In a small mixing bowl, combine the cream cheese and the Hellish Relish; mix well.

Divide the ground beef mixture equally among the 12 taco shells. Spread the cream cheese mixture over the beef. Sprinkle with the Cheddar cheese, jalapeños and olives.

Yield: 12 tacos

Heat Scale: Medium

Paul’s Devilish Roasted Chicken

The roast chicken recipe with pizzazz comes from Chris Way. It’s practically a meal in one.

  • 1/4 cup Devil Drops

  • Juice of 1 lemon

  • Juice of 1 lime

  • Juice of 1 orange

  • 1 teaspoons salt

  • 5 cloves of garlic, sliced

  • 1 whole chicken (about 4 pounds)

  • 4 carrots, cut into large chunks

  • 1 large yellow onion, cut into large chunks

  • 2 baking potatoes, cut into large chunks

  • Freshly ground black pepper

Combine the hot sauce, the juices and the salt. With a small sharp knife, make little slits all over the chicken and slide the garlic slices into the slits. Put any remaining garlic in the chicken cavity. Pour Devil Drops and juice mixture over the chicken, adding some to the cavity. Let stand, basting frequently for one hour. Or, place the chicken in a basting bag and turn frequently.

Preheat the oven to 350 degrees. Place the chicken in a large baking dish. Add the carrots, onion and potatoes. Grind black pepper over the chicken and the vegetables.

Bake for 45 minutes, turning the vegetables and basting the chicken occasionally. Lower heat to 325 degrees and cook for another 45 minutes or until the chicken and vegetables are cooked through.

Yield: 4 to 6 servings

Heat Scale: Mild

Datil Does It

  • Perk up your next meal or snack with these tips from the makers of datil pepper products.

  • Oven roast or grill chicken pieces until done. Brush on both sides with Datil Dew’s Six Mile Gold, Raz L Datil or Outback Red sauce. Grill over medium heat for five minutes per side.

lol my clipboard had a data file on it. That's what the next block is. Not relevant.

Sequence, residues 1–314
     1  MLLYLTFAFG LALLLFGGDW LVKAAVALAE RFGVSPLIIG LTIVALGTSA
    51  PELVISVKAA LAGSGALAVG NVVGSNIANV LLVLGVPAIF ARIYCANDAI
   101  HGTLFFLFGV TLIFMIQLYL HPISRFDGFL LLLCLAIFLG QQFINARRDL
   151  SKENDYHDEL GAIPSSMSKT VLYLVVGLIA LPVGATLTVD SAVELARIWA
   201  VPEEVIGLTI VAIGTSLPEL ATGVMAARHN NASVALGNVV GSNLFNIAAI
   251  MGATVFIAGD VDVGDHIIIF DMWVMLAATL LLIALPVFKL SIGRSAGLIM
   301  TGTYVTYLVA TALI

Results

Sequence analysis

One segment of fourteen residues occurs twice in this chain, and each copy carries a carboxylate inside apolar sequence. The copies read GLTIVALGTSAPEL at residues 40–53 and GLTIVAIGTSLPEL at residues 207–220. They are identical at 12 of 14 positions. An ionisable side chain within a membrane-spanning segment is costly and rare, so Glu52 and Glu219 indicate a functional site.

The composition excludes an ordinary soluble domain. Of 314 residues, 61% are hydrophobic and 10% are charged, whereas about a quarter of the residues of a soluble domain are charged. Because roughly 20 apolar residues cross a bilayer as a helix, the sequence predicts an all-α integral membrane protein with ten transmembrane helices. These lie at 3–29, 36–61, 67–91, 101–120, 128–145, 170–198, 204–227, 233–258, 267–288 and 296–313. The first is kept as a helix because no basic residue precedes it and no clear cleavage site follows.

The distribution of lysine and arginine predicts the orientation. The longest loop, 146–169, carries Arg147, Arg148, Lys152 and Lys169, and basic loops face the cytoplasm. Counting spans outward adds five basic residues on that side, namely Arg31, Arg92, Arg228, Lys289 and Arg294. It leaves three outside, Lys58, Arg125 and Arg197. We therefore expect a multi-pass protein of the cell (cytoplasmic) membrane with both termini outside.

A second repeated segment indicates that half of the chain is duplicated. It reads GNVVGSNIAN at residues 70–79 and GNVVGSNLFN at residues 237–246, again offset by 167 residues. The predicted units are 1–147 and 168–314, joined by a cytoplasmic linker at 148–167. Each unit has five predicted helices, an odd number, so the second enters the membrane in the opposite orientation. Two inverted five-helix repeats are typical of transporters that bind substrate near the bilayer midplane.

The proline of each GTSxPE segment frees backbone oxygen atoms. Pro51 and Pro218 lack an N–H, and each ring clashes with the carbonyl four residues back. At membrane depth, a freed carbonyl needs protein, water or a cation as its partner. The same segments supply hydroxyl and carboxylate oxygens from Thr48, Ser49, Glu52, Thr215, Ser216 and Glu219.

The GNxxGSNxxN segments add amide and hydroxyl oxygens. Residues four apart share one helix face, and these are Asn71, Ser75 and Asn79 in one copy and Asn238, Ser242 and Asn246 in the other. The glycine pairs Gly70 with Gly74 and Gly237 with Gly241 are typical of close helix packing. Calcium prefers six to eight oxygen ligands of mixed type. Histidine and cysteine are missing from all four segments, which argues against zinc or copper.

• Make a Dat’l Do-it Bloody Mary by adding 1 ounce of vodka and four or five drops of Devil Drops to your favorite bloody Mary mix.

  • Add Minorcan Hot Datil Spice to taste to ground beef to make a datil hamburger.

  • Pour a generous amount of any Datil Dew It sauce into a hot skillet. Cook the sauce until it reduces slightly. Then toss in a handful of fresh shrimp or boiled chicken wings and toss until most of the moisture is gone. Garnish with coconut or Rub Ur’ Clucker.


St. Augustine is a great place to visit and the place to try a wide variety of datil pepper products. If you can’t make the trip, you can order from these suppliers.

Datil Dew Pepper Products: 904-284-8144,

Datil Dippin’ Hot Sauce:

Dat’l Do-it: 800-468-3285,

Hot Stuff Mon: 866-544-4944,

Minorcan Datil Pepper Products: 877-432-8457,

Bill Wharton a..k.a. The Sauce Boss: 850-997-4359,

Top of Page

Share on Facebook0Tweet about this on TwitterShare on Google+0Email this to someone